acquisition

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Related to Takeovers: Hostile takeovers

acquisition

[‚ak·wə′zish·ən]
(engineering)
The process of pointing an antenna or a telescope so that it is properly oriented to allow gathering of tracking or telemetry data from a satellite or space probe.

acquisition

i. The act of visually identifying an object of interest—another aircraft, aerial target, or object/target on ground—from the air.
ii. The detection and identification of a target by radar or another sensor on board the aircraft.
iii. Reaching the desired flight parameter, such as flight level or air speed.
iv. Reaching the desired point in airspace, such as the ILS (instrument landing system) localizer or glide-slope.
References in periodicals archive ?
He regularly advises Australian and overseas clients on contested and negotiated takeovers as well as corporate and securities law matters.
Making such a distinction is vital if we are to throw some sands in the wheels of the takeover machine and allow firms some scope for long-term investment and planning.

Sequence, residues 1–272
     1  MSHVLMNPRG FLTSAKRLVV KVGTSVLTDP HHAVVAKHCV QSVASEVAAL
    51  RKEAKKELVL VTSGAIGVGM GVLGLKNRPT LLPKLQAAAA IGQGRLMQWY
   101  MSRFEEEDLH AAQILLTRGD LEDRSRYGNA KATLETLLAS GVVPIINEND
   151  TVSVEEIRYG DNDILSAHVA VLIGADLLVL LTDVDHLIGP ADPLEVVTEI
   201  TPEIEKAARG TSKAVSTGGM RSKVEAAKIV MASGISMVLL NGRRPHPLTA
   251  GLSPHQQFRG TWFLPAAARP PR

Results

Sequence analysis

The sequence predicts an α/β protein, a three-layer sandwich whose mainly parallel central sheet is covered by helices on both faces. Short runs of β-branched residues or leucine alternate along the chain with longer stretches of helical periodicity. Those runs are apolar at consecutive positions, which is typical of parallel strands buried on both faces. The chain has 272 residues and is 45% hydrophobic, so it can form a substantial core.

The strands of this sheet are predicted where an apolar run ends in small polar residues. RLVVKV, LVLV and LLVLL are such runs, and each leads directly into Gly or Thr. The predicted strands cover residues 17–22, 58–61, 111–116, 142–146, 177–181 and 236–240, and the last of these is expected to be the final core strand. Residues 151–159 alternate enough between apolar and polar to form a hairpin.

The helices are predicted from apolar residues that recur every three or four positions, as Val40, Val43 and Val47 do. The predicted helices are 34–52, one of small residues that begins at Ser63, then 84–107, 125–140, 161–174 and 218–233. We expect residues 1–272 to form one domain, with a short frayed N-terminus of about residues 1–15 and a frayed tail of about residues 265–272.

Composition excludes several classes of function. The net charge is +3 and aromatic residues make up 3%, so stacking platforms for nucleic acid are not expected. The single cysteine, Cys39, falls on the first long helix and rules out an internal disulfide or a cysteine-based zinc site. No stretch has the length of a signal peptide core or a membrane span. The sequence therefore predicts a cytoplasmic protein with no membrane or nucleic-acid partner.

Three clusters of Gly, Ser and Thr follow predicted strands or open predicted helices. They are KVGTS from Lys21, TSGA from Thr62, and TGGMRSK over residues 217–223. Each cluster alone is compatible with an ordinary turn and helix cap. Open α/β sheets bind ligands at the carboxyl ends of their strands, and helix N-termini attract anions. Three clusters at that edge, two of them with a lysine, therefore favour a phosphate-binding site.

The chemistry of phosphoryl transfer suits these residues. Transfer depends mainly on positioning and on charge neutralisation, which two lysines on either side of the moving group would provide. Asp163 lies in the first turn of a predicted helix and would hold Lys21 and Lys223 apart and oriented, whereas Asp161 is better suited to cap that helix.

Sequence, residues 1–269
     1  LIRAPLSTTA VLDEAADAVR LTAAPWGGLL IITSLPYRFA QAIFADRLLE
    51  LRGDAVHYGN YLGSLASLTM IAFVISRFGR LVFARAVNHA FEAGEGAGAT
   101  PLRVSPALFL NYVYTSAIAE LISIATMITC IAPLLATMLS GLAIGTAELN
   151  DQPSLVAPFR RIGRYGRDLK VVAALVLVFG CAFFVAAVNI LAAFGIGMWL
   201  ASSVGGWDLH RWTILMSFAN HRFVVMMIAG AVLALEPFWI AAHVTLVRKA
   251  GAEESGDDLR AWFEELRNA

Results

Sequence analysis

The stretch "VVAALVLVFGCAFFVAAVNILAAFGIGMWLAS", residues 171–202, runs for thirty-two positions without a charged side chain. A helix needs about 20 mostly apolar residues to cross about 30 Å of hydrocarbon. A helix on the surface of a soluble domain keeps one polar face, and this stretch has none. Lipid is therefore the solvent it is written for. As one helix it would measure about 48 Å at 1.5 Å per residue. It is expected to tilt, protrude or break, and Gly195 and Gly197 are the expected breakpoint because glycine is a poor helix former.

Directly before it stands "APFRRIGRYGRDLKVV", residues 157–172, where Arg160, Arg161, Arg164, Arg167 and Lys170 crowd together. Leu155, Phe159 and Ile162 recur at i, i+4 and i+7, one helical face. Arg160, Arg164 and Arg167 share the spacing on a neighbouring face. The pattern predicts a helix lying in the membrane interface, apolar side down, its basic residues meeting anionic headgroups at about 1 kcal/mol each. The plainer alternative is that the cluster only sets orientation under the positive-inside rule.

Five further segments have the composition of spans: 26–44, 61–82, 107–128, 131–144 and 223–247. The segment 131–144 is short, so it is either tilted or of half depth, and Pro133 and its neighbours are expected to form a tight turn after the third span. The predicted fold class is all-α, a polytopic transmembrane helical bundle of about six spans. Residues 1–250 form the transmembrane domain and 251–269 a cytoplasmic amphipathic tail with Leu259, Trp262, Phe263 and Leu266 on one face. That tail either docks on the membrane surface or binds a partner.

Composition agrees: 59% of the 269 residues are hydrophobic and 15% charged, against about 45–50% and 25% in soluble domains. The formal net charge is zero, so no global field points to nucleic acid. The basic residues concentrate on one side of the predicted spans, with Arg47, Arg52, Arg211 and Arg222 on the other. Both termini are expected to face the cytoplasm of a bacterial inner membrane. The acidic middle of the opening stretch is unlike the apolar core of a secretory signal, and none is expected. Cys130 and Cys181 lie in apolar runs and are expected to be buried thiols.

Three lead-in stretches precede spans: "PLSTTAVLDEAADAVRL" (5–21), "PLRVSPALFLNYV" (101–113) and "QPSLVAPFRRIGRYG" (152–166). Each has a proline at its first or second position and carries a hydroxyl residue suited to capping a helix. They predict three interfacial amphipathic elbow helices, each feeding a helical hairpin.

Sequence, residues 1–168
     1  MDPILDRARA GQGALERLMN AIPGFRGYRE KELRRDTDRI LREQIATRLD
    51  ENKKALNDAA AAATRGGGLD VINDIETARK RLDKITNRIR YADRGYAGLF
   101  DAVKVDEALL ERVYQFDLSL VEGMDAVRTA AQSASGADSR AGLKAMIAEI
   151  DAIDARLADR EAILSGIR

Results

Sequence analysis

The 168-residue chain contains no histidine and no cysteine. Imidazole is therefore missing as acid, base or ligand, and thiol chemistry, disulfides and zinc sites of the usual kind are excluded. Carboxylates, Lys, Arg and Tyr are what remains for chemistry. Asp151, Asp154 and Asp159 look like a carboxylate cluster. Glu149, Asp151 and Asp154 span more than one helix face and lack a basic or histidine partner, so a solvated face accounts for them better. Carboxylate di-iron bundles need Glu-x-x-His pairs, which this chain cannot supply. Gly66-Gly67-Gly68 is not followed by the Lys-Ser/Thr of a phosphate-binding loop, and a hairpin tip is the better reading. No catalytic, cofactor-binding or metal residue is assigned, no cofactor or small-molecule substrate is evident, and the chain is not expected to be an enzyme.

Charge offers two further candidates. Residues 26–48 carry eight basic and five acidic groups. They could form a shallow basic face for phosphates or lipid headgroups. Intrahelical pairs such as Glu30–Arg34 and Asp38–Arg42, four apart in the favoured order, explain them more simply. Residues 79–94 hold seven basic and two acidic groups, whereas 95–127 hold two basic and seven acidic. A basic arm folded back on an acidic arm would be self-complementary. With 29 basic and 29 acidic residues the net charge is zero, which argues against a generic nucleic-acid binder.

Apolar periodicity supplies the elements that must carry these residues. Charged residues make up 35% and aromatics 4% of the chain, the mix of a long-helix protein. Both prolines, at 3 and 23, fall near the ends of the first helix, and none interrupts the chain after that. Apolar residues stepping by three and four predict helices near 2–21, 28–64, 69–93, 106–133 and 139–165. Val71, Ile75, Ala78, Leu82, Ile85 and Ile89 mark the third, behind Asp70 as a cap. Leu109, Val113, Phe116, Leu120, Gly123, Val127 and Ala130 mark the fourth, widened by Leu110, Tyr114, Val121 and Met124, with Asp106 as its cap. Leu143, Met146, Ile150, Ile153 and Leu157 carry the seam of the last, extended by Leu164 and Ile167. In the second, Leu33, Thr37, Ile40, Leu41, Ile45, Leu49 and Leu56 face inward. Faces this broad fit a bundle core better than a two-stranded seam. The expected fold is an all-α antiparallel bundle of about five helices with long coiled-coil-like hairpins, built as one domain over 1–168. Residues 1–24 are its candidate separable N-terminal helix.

7 billion takeover of Cadbury caused a huge furore, in particular for its treatment of employees and its decision to shut the firm's Somerdale factory near Bristol after initially suggesting it would be retained.
Parent Shanta Driver of Detroit is among those critical of mayoral takeover, maintaining that it lowered the quality of education, created financial problems and diminished accountability in her Michigan district.
The Spanish government's attempts to prevent a takeover of the Spanish electricity company Endesa by its German competitor Eon;
Various levels of technology can help prevent identity theft and account takeover.
This effort should be part of a studied, long-term plan, not of a "quick fix," which an ARS takeover represents.
Fees incurred by a target corporation in a friendly takeover must generally be capitalized, because such takeovers usually produce significant long-term benefits.
Pennsylvanians were mad as hell at Reaganomics and the takeover boom of the 1980s, and they weren't going to take it anymore.
34 (1992), at first glance, appeared to involve an unfriendly takeover that would allow clarification on the applicability of INDOPCO.
Maintaining its earlier analysis and conclusion was inconsistent with National Starch, the IRS expanded the scope of National Starch to include expenses to resist hostile takeovers.